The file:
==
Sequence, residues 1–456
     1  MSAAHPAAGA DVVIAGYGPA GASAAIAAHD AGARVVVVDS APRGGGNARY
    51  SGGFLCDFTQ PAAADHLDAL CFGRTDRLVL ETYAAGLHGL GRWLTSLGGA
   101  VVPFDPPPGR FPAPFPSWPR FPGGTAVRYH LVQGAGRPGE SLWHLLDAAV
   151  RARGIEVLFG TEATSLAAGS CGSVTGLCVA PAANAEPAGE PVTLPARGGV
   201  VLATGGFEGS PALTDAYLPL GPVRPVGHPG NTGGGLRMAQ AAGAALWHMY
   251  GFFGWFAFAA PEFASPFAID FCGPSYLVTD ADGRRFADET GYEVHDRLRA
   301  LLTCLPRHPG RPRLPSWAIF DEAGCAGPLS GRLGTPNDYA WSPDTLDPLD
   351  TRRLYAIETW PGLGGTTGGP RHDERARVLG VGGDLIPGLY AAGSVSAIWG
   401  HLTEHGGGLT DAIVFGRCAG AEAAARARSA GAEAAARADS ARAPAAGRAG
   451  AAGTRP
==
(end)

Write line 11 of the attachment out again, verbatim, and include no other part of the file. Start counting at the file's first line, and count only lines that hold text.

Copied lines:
   451  AAGTRP